Yolofsky Law May 2020

Insider MARCH 2020 THE HERO www. yo l of sky l aw. com (305) 702-8250

Making You A Hero To Your Family And Business

From the Yolofsky Office

We are living in strange times. A virus has

crossed international borders and created a health care crisis unlike any the modern world has seen in decades. While some people choose to point fingers of blame, it seems more folks want to help their communities. With schools canceled, businesses closed, and the nation stuck on pause, people are finding their neighborhoods anew. Recently, we have met more of our neighbors than ever before. Around our area, more people are out walking, running, biking, and staying outside. It seems that a very high percentage of people are maintaining social distance and wearing protective equipment, where necessary. We’ve also seen innovation happening at an incredible pace. Tests that used to take days will now take minutes. Restaurants are preparing meals for overworked health care providers. Education has moved to the virtual classroom. We continue to grow and expand our lives. COVID-19 will be behind us soon. What will you have improved during this time? Hopefully, our sense of working together will maintain itself.

SURVIVING SUMMER CAMP A Comprehensive Guide for Kids and Parents


Summer camp is a rite of passage for many kids. Besides offering carefree memories, new experiences, and lifelong friends, summer camps are great for a child’s development. According to the American Camp Association, summer camps boost a child’s leadership, communication, and problem-solving abilities. In addition, many kids discover new talents or skills that lead to college and career choices. However, summer camps, especially sleepaway camps, can be a source of anxiety for both kids and parents. So, before you send your little ones off on their next great adventure — even if it’s just to a friend’s house for the night — consult this brief guide to surviving summer camp and adventures away from home, regardless of what time of the year it is.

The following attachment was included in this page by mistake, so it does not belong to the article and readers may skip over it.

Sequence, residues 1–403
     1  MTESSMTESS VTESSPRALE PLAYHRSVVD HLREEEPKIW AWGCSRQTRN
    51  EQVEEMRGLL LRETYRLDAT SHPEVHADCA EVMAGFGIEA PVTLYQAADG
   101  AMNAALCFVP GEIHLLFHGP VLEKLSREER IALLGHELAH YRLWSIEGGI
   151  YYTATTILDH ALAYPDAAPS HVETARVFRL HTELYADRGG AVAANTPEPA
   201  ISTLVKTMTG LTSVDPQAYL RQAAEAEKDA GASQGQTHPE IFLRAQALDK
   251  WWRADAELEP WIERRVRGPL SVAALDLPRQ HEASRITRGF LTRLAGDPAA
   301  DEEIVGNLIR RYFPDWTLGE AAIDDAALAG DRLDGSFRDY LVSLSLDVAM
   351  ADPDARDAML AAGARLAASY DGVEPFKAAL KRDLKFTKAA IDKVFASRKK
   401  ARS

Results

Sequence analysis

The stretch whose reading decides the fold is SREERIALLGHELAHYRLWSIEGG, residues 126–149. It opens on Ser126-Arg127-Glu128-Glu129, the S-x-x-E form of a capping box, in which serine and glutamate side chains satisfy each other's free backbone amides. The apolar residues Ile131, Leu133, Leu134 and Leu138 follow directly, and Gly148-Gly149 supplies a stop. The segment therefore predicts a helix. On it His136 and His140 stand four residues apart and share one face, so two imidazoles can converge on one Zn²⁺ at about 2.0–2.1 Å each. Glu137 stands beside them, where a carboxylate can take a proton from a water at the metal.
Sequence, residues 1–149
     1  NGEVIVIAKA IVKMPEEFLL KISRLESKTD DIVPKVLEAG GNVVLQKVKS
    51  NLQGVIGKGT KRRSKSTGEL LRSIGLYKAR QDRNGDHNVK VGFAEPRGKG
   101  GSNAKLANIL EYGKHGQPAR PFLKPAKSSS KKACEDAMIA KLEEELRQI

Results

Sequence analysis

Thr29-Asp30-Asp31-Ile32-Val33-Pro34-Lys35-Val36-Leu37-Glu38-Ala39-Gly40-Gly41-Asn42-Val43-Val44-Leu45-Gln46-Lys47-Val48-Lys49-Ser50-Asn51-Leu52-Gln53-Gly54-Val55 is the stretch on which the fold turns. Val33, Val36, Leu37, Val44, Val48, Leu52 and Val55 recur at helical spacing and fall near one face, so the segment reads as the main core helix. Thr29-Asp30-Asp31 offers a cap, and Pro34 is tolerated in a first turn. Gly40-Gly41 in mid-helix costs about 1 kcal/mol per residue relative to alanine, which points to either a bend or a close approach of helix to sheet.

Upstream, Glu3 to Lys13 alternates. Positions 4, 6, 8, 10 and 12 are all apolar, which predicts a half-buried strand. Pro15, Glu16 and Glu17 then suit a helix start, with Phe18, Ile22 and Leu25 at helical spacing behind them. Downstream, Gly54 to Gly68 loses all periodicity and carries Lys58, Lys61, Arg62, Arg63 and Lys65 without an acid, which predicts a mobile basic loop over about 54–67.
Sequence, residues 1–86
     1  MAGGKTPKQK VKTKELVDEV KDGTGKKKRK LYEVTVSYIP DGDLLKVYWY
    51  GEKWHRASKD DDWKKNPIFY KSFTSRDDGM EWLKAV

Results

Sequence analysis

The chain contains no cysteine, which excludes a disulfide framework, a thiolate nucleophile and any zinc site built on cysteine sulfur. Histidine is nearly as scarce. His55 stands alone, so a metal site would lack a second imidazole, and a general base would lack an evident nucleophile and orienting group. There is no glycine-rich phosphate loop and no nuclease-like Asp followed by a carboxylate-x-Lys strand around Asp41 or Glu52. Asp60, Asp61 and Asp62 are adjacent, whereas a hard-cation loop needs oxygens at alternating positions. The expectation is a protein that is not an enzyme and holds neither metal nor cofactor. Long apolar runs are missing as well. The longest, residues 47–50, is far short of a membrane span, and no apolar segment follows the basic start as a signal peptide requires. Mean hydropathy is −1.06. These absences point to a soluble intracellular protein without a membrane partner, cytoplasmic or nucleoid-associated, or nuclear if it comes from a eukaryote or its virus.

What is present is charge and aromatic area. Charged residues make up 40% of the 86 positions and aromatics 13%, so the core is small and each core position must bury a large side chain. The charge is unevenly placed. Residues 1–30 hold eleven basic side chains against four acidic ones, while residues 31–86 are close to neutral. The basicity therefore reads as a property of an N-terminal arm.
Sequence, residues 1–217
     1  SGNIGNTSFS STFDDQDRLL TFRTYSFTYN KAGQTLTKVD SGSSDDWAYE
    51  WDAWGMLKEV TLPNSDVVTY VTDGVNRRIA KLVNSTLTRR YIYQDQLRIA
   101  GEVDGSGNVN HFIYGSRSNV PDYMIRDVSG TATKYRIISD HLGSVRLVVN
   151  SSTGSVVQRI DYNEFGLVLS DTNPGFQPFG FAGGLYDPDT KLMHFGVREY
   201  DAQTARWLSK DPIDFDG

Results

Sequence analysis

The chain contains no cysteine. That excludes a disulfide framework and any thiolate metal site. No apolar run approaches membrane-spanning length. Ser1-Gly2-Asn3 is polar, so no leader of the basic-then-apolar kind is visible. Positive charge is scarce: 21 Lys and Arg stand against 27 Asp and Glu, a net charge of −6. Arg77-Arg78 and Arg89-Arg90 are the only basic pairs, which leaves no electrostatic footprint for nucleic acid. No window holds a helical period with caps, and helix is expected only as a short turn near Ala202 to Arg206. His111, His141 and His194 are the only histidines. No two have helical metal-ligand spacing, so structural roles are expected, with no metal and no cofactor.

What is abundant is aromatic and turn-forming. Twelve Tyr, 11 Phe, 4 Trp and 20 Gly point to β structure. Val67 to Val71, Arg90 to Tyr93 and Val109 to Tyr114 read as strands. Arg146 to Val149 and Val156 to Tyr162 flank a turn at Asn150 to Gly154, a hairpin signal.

If you’re already dreading the first midnight phone call from a panicked camp counselor who can’t get your child to stop sobbing, now is the time to prepare. Get your child ready for their first few nights away from home by gradually sending them out on their own. Set up an overnight stay at their grandparents’ house or with their favorite neighbor down the block. Then, get them excited about camp! Talk up all the fun things they will do, like hiking, canoeing, sitting around campfires, and making new friends. Finally, send them to camp with little mementos of home. Their favorite stuffed animal, a family photo, or even some home- cooked snacks can go a long way in helping them survive a week (or more!) away from

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